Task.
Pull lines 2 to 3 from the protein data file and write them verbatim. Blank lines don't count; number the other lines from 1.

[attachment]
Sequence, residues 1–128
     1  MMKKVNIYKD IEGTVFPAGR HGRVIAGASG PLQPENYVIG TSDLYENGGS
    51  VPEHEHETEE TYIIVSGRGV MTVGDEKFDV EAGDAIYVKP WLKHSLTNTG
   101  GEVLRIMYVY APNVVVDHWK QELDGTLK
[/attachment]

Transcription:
     1  MMKKVNIYKD IEGTVFPAGR HGRVIAGASG PLQPENYVIG TSDLYENGGS
    51  VPEHEHETEE TYIIVSGRGV MTVGDEKFDV EAGDAIYVKP WLKHSLTNTG